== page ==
The Medical Image Computing group at the Technical University of Denmark is well-known internationally for developing new methods for medical image analysis, in particular for segmentation, registration, prediction and reconstruction purposes. Much of our work focuses on Bayesian modeling. The group contributes actively to the open-source package for neuroimage analysis FreeSurfer.

Herlev & Gentofte Hospital treat 3.500 cancer patients with radiotherapy annually. The hospital has obligations to carry out research, development and education. Further, a new GE Discovery Molecular Imaging 5 ring digital PET/CT and a GE Revolution dual energy CT scanner dedicated for radiotherapy clinical research has recently been installed. The radiotherapy clinic is an integrated part of the department of oncology. The section of radiophysics is mainly involved in the preparation, quality assurance and development of the radiotherapy treatment. The clinic currently has ten linear accelerators (incl. a combined MR/accelerator), kV X-ray equipment, two CT scanners, one MR scanner, dose planning software, and dosimetric equipment.

Further information
For further information, please contact the project supervisors at Herlev & Gentofte Hospital, Jens Edmund (Medical physicist, PhD, DABR): or DTU Health Tech, Koen Van Leemput (Prof., PhD):  

Salary and appointment terms
The appointment will be based on the collective agreement with the Danish Confederation of Professional Associations. The allowance will be agreed upon with the relevant union. The period of employment is 3 years. We expect the position to begin as soon as possible.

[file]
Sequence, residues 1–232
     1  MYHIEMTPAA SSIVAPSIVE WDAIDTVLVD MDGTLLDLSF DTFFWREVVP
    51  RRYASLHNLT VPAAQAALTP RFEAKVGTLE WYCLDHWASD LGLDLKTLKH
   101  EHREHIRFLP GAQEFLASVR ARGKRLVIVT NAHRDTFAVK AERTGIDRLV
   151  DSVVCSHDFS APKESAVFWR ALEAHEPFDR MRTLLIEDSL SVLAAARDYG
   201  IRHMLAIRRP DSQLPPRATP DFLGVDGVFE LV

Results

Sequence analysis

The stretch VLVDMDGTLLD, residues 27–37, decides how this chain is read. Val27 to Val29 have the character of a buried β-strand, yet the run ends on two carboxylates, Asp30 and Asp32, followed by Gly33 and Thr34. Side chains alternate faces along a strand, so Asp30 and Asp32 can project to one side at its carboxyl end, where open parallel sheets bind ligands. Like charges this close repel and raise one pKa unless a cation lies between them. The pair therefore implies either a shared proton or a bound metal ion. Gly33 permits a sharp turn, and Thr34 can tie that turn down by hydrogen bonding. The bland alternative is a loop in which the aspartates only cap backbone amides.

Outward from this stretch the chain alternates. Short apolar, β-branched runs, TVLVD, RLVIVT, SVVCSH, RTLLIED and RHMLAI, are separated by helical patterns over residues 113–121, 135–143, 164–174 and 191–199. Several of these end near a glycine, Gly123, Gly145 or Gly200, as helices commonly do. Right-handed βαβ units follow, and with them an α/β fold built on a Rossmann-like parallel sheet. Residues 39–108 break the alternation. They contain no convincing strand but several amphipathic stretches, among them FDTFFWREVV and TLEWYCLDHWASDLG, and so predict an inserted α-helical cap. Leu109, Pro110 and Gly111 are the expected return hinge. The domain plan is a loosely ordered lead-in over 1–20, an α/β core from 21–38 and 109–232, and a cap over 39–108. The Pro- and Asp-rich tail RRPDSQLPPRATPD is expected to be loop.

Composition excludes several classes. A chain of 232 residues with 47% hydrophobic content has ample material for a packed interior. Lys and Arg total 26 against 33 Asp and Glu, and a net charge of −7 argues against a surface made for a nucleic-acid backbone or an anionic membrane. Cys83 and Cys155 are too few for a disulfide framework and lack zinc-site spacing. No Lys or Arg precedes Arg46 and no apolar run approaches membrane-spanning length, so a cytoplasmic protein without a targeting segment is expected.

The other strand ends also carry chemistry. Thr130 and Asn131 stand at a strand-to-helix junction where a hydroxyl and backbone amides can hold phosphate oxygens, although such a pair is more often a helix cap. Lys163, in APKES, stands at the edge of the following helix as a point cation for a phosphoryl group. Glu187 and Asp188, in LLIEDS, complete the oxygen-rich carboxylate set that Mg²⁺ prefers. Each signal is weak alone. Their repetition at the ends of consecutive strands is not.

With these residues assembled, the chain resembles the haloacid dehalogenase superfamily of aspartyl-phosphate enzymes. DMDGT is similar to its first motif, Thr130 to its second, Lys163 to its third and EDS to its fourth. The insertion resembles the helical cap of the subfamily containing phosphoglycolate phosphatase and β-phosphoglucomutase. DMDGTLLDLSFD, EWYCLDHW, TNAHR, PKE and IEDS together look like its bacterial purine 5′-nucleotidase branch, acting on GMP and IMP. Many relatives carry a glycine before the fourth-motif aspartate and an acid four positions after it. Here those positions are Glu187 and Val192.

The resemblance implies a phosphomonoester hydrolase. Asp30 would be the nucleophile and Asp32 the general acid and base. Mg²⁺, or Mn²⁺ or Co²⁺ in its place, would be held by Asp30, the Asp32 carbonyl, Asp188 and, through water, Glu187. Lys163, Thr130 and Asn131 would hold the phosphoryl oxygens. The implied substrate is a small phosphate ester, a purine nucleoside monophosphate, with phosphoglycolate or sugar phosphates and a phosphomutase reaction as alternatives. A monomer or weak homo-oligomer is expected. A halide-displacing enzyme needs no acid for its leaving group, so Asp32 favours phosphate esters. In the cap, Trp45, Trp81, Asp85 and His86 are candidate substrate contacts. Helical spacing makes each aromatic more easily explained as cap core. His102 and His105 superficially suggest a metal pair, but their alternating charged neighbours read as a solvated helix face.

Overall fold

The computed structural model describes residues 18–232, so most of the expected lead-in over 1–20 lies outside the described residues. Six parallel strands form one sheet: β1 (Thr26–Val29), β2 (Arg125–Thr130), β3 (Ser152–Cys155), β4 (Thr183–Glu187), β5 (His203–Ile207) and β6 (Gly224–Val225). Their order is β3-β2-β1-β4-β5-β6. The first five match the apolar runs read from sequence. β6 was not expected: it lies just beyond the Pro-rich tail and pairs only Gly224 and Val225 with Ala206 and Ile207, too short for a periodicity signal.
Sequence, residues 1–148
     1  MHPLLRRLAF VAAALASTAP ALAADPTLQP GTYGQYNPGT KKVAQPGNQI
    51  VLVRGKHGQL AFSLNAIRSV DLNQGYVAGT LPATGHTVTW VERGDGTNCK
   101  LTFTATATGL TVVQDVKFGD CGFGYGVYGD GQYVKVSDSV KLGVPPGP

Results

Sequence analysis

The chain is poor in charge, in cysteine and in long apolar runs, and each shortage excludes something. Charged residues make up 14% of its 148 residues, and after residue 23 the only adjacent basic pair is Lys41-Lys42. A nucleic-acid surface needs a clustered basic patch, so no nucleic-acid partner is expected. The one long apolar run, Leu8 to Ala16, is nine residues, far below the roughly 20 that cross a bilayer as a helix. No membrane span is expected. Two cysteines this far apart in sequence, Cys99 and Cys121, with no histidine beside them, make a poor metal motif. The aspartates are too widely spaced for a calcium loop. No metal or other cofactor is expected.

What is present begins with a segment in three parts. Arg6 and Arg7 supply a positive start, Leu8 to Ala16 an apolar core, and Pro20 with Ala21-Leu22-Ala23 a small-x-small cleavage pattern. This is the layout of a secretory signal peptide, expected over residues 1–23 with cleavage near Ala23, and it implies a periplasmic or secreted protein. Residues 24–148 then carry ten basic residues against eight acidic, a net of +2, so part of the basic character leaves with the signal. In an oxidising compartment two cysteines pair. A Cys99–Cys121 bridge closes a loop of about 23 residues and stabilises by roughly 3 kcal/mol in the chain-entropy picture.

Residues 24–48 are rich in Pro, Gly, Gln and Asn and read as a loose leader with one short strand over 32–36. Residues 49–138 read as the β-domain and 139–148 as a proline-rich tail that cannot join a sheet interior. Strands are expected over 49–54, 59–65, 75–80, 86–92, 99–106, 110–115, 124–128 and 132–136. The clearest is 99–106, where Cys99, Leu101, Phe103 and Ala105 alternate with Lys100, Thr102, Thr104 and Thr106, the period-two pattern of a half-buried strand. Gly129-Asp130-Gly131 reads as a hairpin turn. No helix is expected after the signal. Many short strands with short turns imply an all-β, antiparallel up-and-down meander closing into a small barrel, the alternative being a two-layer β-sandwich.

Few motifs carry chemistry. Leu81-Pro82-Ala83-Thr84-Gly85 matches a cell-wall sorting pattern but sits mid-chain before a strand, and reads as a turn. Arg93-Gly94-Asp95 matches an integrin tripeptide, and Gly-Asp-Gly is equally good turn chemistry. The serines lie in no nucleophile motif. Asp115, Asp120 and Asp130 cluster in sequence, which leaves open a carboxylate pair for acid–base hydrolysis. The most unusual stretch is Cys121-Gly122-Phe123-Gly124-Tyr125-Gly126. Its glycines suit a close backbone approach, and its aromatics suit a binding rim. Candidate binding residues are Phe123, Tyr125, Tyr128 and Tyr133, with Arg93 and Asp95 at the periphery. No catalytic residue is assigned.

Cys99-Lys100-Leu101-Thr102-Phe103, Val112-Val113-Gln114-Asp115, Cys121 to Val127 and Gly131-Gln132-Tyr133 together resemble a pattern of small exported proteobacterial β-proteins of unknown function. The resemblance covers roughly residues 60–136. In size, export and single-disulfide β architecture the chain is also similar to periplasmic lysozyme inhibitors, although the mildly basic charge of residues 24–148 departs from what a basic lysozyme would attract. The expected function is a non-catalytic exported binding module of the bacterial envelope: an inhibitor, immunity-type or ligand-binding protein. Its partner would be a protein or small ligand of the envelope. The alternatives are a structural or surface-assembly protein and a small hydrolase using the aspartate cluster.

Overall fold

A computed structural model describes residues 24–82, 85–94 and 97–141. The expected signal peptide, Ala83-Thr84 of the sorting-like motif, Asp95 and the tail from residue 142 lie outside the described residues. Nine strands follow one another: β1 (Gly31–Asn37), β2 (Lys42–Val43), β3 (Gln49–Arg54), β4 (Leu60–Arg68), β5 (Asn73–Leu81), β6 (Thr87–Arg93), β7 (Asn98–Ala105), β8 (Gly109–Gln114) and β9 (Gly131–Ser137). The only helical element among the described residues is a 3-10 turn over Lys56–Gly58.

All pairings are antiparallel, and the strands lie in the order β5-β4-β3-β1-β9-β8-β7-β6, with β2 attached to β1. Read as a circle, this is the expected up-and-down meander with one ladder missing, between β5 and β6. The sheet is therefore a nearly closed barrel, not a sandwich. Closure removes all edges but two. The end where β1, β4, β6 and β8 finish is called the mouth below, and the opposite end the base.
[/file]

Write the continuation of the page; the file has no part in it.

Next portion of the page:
You can read more about career paths at DTU here

Please submit your application no later than 7 December 2020 (local time). Applications must be submitted as pdf files containing all materials to be given consideration. The files must include: 

  • A letter motivating the application (cover letter)
  • Curriculum vitae
  • Grade transcripts and BSc/MSc diploma
  • References
  • If applicable: List of publications

Candidates may apply prior to obtaining their master's degree but cannot begin before having received it.

Applications and enclosures received after the deadline will not be considered.

All interested candidates irrespective of age, gender, race, disability, religion or ethnic background are encouraged to apply.

DTU Health Tech engages in research, education, and innovation base on technical and natural science for the healthcare sector. The Healthcare sector is a globally expanding market with demands for the most advanced technological solutions. DTU Health Tech creates the foundation for companies to develop new and innovative services and products which benefit people and create value for society. DTU Health Techs expertise spans from imaging and biosensor techniques, across digital health and biological modelling, to biopharma technologies. The department has a scientific staff of about 175 persons, 130 PhD students and a technical/administrative support staff of about 80 persons.

Technology for people
DTU develops technology for people. With our international elite research and study programmes, we are helping to create a better world and to solve the global challenges formulated in the UN’s 17 Sustainable Development Goals. Hans Christian Ørsted founded DTU in 1829 with a clear vision to develop and create value using science and engineering to benefit society. That vision lives on today. DTU has 12,000 students and 6,000 employees. We work in an international atmosphere and have an inclusive, evolving, and informal working environment. Our main campus is in Kgs. Lyngby north of Copenhagen and we have campuses in Roskilde and Ballerup and in Sisimiut in Greenland.